|Year of selection||2017|
|Institution||Université Paris 13 - Paris Nord, France|
Type of support
119 025 €
The financial crisis that burst in 2007-2008 left permanent traces in most OECD countries. The fact that such transitory shocks can durably affect the GDP of a country calls into question the way recovery strategies are traditionally tackled. Indeed, economic policies are based on models that tend to assume dynamic stability and ignore sunk costs. More specifically, central banks and financial institutions currently use calculations that ignore the possibility of strong persistent damage to the productive potential of an economy, what is commonly called potential output. « Misinterpretation of the economic phenomena can mislead policy makers into thinking they should implement austerity measures, for instance, when really they shouldn’t », says Dr. Federico Bassi to press the importance of an alternative approach. His post-doctoral project aims thereby at creating a new method to measure the potential output of an economy, one which takes into account these large potential output losses. The second part of his research consists in designing a theoretical model allowing him to test the impact of various monetary, fiscal and financial markets’ regulatory policies on economic stability when permanent potential output losses are explicitly taken into account.
« The risk of a secular stagnation in Europe, characterized by low rates of growth, high rates of unemployment, growing inequalities and permanent losses of productive capacity, rises two main challenges », explains Dr. Federico Bassi. « First, an accurate analysis of the sources and consequences of this Great Recession and its systemic nature; second, the design of appropriate and successful fiscal, monetary and structural policies, particularly as regards to banks’ and financial institutions’ regulation ». The present project aims to take on these challenges by reevaluating the architecture of the models currently used by policy makers, particularly in regard to their calculation of potential output, a core concept of economic policy. To convey the importance of getting this measure right, the researcher explains: « The output gap is the gap between potential and actual output. Getting an accurate measure of potential output is fundamental, since the output gap is among the most important indicators for policy makers: a negative output gap triggers restrictive monetary policies in order to slow down the economy and avoid inflationary pressures; a positive gap triggers expansionary monetary policies in order to accelerate the economy and avoid deflationary pressures ».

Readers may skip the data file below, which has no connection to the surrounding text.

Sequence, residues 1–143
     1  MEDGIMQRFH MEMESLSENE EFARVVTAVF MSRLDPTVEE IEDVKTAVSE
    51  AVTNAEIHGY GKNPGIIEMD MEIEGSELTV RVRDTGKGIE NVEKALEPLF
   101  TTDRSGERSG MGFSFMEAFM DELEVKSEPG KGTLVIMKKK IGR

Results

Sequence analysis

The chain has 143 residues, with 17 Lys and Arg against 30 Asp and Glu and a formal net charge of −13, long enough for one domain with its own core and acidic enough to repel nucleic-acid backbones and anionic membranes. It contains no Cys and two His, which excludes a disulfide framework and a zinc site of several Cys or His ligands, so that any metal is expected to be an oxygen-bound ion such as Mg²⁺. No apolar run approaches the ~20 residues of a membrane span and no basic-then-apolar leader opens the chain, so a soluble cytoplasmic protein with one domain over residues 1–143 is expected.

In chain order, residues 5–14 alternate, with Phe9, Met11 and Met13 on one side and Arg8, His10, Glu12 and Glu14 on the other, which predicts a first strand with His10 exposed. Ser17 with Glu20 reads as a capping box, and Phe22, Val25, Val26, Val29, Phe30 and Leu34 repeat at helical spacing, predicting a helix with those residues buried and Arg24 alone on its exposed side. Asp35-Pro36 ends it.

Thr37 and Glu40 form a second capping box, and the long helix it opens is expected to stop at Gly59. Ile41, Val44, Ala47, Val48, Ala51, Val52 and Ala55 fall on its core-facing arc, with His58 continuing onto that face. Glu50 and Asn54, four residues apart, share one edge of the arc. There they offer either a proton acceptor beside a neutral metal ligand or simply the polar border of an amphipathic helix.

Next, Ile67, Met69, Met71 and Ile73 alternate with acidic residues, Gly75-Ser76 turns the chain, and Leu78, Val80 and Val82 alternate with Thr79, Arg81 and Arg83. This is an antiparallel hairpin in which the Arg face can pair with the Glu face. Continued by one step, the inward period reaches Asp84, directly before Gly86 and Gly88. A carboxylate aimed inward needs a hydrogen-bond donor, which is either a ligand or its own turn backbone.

Avoiding misinterpretation of economic phenomena
« I believe that the better way to reduce the risk of misinterpreting economic phenomena is not having a unique, good model but rather a variety of models, built on different assumptions, in order to compare the different results and be able to select the model that fits better with the current historical context », continues Bassi. He uses the example of Italy which has lost 20 % of its productive capacity since the financial crisis and where a lot of businesses have closed. « How can we design effective recovery policies if we take for granted that these businesses are going to reopen? We’re designing a method that is more flexible and that doesn’t assume that. » Once this is done, him and his team will move on to designing a new macro-economic model to try and simulate various policies.
Theoretical models are crucial tools in assessing complex phenomena and in trying to mitigate their adverse impacts. That is if they reflect reality faithfully… This project develops along this main concern. Recognising that « the existence of permanent effects after transitory shocks seems to be the norm rather than the exception », Bassi’s project naturally aims to adapt current methods to this newly recognised phenomena, broadening the spectre of how economic recovery is presently approached. At a time when economists are in need of better understanding the effects of different stabilisation policies and the effects of institutions on the business cycle, his findings hold great potential for highly-needed insight.